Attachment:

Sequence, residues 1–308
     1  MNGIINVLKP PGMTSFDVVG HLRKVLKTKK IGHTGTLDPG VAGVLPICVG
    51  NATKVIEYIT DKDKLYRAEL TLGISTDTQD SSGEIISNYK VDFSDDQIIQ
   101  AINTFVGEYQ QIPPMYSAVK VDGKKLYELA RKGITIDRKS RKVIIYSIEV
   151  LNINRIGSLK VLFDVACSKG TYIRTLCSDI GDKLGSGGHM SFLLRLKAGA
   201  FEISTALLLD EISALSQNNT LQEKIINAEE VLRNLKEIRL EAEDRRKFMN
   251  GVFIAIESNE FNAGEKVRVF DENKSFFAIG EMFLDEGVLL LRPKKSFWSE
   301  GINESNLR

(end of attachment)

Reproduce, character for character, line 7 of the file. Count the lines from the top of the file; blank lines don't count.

   251  GVFIAIESNE FNAGEKVRVF DENKSFFAIG EMFLDEGVLL LRPKKSFWSE